Hezbollah duly fulfilled this function for Assad, and for Iran, standing at his back. In the words of award-winning American journalist Michael J Totten, Hezbollah “started a 2006 war with Israel that cost more than 1,000 Lebanese citizens their lives, created more than a million refugees (almost 25 percent of the country), and shattered infrastructure from the north to the south. And, thanks to a slow-motion takeover that began with their invasion and brief occupation of West Beirut in 2008, Hezbollah and its local allies are virtually in charge of the government.”

Hezbollah had already achieved a certain acceptability within Lebanon. In the elections which followed Israel’s withdrawal in May 2000 from the buffer zone it had established along the border, Hezbollah took all 23 South Lebanon seats, out of a total 128 parliamentary seats. Since then Hezbollah has consistently participated in Lebanon’s parliamentary process, has been able to claim a proportion of cabinet posts in each government, and has slowly achieved dominant power within Lebanon’s body politic – far too much, according to the “March 14 Alliance” .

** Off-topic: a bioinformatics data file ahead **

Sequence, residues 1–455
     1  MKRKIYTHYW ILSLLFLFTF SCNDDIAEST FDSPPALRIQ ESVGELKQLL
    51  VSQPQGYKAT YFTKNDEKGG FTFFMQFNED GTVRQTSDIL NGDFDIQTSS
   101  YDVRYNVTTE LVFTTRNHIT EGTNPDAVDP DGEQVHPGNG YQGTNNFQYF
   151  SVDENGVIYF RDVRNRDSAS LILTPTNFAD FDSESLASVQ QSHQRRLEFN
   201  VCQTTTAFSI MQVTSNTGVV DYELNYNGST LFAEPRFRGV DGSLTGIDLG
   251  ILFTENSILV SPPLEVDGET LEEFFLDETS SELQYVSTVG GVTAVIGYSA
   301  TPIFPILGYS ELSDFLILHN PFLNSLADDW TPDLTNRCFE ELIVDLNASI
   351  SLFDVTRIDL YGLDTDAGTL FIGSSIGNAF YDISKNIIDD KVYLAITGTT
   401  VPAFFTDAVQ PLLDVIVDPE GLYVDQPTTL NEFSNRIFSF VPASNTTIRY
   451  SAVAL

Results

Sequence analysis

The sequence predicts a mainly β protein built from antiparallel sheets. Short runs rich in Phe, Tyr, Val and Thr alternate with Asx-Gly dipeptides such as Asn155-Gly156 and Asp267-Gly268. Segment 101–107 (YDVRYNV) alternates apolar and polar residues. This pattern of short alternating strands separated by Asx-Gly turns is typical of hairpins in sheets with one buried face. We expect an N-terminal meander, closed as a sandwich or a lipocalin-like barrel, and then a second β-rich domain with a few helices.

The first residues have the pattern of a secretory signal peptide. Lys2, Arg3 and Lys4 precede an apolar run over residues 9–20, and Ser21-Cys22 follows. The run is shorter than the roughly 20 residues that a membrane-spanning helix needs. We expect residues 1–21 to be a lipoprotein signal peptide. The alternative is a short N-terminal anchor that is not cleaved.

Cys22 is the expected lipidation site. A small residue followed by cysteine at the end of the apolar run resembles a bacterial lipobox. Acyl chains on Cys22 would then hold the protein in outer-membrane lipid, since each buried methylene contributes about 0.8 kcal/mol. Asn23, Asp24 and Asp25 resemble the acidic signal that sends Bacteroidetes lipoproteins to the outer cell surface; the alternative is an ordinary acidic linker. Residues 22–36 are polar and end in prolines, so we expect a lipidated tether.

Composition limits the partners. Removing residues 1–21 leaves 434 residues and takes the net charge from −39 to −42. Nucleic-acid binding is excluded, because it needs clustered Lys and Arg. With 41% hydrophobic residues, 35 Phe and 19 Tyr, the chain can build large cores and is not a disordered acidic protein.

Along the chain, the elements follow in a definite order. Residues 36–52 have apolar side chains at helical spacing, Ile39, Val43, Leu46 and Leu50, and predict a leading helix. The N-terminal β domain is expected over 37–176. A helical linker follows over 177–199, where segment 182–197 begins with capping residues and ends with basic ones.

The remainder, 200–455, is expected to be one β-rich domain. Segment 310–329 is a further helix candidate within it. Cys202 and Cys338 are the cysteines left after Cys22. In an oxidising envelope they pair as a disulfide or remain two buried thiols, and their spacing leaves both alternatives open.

Lebanon’s March 14 Alliance is a coalition of politicians opposed to the Syrian régime and to Hezbollah. March 14, 2005 was the launch date of the Cedar Revolution, a protest movement triggered by the assassination of former Lebanese prime minister, Rafik Hariri earlier that year. The demonstrations were directed against Assad, suspected from the first of being behind the murder, and his Iranian-supported allies in Lebanon, Hezbollah, who were widely believed to have carried out the deed. The March 14 Alliance is led by Saad Hariri, Rafik Hariri’s younger son.